From a recent paper:
In clinical practice, we progressively rely on biomarkers, without estimating the pretest probability. There is not enough support for the use of cardiac troponin (cTn) I in the management of noncardiac patients. We studied the rate at which this test was ordered, the prevalence of detection of a positive result in noncardiac patients, and the impact of this incidental finding on clinical management.
Patients admitted from December 2011 to 2013 to our community hospital with diagnosis of noncardiac disease who had positive cTn were included. Data collected included final diagnosis, patient disposition, cardiac monitoring, cardiology consult, and cardiac biomarker testing.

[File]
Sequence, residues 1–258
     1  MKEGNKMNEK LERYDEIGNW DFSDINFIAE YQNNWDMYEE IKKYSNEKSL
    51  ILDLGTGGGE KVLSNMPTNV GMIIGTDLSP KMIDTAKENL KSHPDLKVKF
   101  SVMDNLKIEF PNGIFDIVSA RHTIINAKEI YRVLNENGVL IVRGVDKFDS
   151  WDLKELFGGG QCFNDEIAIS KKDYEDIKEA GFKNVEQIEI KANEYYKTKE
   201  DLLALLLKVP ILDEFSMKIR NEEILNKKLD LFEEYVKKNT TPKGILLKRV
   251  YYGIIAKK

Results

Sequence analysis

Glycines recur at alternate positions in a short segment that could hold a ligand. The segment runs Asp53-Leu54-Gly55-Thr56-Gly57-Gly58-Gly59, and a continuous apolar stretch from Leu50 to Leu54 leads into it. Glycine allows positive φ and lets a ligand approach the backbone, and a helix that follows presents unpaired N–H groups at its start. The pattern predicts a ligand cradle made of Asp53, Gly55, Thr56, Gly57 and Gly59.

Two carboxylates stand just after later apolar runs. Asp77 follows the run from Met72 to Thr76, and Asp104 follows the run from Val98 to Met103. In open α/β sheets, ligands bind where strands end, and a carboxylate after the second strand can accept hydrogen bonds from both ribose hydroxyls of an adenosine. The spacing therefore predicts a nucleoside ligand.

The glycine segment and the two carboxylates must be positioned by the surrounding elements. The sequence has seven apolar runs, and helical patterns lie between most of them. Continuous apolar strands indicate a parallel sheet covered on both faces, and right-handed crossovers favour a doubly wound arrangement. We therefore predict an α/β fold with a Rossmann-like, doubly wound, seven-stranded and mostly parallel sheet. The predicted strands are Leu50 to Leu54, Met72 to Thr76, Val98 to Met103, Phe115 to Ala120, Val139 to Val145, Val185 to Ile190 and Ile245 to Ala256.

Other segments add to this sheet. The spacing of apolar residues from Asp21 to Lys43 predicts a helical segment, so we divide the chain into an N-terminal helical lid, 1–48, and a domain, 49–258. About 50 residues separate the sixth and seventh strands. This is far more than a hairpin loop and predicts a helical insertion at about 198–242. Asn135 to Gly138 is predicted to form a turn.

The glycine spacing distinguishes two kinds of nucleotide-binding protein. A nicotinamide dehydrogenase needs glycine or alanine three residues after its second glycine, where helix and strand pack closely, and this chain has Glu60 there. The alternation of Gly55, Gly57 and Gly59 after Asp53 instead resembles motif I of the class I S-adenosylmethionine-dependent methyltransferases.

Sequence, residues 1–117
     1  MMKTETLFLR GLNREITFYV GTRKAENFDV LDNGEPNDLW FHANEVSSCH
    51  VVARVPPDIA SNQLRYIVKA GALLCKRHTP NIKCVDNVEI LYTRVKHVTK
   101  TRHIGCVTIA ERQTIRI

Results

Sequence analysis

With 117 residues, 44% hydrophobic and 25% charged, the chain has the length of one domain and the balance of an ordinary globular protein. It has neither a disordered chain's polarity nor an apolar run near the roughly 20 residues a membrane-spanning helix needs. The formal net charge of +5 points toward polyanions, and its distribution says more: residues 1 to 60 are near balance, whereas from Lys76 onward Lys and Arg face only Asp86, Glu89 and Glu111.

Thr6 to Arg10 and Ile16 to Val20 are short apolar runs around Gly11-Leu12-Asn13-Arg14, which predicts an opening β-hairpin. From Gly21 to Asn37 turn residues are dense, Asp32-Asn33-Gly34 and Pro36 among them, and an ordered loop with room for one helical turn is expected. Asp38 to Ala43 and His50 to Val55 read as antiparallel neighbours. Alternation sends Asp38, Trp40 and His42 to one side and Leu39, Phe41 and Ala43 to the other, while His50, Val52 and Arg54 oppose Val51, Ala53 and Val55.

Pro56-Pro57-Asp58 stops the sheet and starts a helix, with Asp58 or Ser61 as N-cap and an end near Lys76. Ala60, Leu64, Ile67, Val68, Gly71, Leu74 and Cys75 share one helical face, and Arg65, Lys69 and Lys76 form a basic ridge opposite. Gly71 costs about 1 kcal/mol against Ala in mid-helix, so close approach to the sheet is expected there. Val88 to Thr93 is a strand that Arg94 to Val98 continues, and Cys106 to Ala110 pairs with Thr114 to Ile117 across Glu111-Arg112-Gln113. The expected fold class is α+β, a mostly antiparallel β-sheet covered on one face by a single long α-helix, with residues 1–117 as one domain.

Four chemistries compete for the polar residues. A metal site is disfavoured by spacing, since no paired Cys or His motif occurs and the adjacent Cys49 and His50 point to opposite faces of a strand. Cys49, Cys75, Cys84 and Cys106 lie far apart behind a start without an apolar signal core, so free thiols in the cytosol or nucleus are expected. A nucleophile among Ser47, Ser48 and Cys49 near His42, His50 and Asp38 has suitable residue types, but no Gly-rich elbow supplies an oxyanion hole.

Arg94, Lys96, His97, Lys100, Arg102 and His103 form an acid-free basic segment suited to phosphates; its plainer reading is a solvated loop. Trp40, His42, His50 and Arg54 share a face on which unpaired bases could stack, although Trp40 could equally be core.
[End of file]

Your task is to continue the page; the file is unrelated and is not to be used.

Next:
Cardiac troponin I was ordered for 1700 patients in our emergency department. Seven hundred fifty patients had a positive cTn. Of the 750 patients, 412 had a positive cTn without any clinical suspicion of an acute coronary syndrome. An incidental finding of a positive cTn leads to ordering of cTn on average 4 times during admission, cardiac monitoring of 379 (91.99%) patients for at least 1 day, and a cardiac consultation for 268 (63.65%) of these patients. None of these patients was candidates for an invasive cardiac intervention.